Nested Aggregations

In the same way as we need to use the special nested query to gain access to nested objects at search time, the dedicated nested aggregation allows us to aggregate fields in nested objects:

GET /my_index/blogpost/_search?search_type=count
{
  "aggs": {
    "comments": { 
      "nested": {
        "path": "comments"
      },
      "aggs": {
        "by_month": {
          "date_histogram": { 
            "field":    "comments.date",
            "interval": "month",
            "format":   "yyyy-MM"
          },
          "aggs": {
            "avg_stars": {
              "avg": { 
                "field": "comments.stars"
              }
            }
          }
        }
      }
    }
  }
}

The nested aggregation “steps down” into the nested comments object.

Comments are bucketed into months based on the comments.date field.

The average number of stars is calculated for each bucket.

The results show that aggregation has happened at the nested document level:

...
"aggregations": {
  "comments": {
     "doc_count": 4, 
     "by_month": {
        "buckets": [
           {
              "key_as_string": "2014-09",
              "key": 1409529600000,
              "doc_count": 1, 
              "avg_stars": {
                 "value": 4
              }
           },
           {
              "key_as_string": "2014-10",
              "key": 1412121600000,
              "doc_count": 3, 
              "avg_stars": {
                 "value": 2.6666666666666665
              }
           }
        ]
     }
  }
}
...

There are a total of four comments: one in September and three in October.

reverse_nested Aggregation

A nested aggregation can access only the fields within the nested document. It can’t see fields in the root document or in a different nested document. However, we can step out of the nested scope back into the parent with a reverse_nested aggregation.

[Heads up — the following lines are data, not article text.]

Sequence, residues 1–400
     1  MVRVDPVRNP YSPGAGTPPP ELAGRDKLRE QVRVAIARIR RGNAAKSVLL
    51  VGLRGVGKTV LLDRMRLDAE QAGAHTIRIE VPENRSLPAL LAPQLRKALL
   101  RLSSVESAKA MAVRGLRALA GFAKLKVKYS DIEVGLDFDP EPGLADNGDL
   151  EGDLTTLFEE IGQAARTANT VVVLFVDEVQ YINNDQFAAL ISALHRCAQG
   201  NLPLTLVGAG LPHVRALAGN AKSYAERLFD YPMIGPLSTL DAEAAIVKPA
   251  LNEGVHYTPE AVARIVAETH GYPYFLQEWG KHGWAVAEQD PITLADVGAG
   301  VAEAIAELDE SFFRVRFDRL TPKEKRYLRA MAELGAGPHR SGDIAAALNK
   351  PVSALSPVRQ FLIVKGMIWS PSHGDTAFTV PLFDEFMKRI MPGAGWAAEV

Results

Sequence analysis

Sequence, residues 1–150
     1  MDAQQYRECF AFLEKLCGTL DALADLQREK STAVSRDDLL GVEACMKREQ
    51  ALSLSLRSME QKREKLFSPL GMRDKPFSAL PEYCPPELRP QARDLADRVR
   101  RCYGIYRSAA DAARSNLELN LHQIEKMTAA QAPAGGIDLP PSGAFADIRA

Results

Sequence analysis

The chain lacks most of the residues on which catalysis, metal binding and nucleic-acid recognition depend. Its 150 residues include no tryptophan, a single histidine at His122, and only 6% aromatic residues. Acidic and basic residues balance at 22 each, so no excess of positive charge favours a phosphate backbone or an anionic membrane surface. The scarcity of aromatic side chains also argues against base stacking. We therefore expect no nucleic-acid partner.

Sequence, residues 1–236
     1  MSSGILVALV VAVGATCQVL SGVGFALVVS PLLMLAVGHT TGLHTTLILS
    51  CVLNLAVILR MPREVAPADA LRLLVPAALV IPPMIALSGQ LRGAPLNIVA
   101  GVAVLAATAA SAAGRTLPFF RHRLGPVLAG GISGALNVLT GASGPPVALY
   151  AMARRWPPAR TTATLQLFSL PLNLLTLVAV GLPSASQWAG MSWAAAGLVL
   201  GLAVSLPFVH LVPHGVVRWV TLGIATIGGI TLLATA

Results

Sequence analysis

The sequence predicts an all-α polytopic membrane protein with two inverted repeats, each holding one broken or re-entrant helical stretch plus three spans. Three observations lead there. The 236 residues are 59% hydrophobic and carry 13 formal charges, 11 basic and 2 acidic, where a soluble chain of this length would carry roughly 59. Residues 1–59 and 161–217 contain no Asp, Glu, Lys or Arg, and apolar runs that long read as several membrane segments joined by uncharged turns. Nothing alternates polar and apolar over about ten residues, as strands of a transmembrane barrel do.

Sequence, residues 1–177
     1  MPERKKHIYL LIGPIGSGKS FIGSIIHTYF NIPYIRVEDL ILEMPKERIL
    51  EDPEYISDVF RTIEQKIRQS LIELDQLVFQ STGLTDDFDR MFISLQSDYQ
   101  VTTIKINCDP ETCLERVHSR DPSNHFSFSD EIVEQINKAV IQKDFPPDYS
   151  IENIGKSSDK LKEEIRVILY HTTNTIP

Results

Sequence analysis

For instance, we can find out which tags our commenters are interested in, based on the age of the commenter. The comment.age is a nested field, while the tags are in the root document:

GET /my_index/blogpost/_search?search_type=count
{
  "aggs": {
    "comments": {
      "nested": { 
        "path": "comments"
      },
      "aggs": {
        "age_group": {
          "histogram": { 
            "field":    "comments.age",
            "interval": 10
          },
          "aggs": {
            "blogposts": {
              "reverse_nested": {}, 
              "aggs": {
                "tags": {
                  "terms": { 
                    "field": "tags"
                  }
                }
              }
            }
          }
        }
      }
    }
  }
}

The nested agg steps down into the comments object.

The histogram agg groups on the comments.age field, in buckets of 10 years.

The reverse_nested agg steps back up to the root document.

The terms agg counts popular terms per age group of the commenter.

The abbreviated results show us the following:

..
"aggregations": {
  "comments": {
     "doc_count": 4, 
     "age_group": {
        "buckets": [
           {
              "key": 20, 
              "doc_count": 2, 
              "blogposts": {
                 "doc_count": 2, 
                 "tags": {
                    "doc_count_error_upper_bound": 0,
                    "buckets": [ 
                       { "key": "shares",   "doc_count": 2 },
                       { "key": "cash",     "doc_count": 1 },
                       { "key": "equities", "doc_count": 1 }
                    ]
                 }
              }
           },
...

There are four comments.

There are two comments by commenters between the ages of 20 and 30.

Two blog posts are associated with those comments.

The popular tags in those blog posts are shares, cash, and equities.

When to Use Nested Objects

Nested objects are useful when there is one main entity, like our blogpost, with a limited number of closely related but less important entities, such as comments. It is useful to be able to find blog posts based on the content of the comments, and the nested query and filter provide for fast query-time joins.

The disadvantages of the nested model are as follows:

  • To add, change, or delete a nested document, the whole document must be reindexed. This becomes more costly the more nested documents there are.
  • Search requests return the whole document, not just the matching nested documents. Although there are plans afoot to support returning the best -matching nested documents with the root document, this is not yet supported.

Sometimes you need a complete separation between the main document and its associated entities. This separation is provided by the parent-child relationship.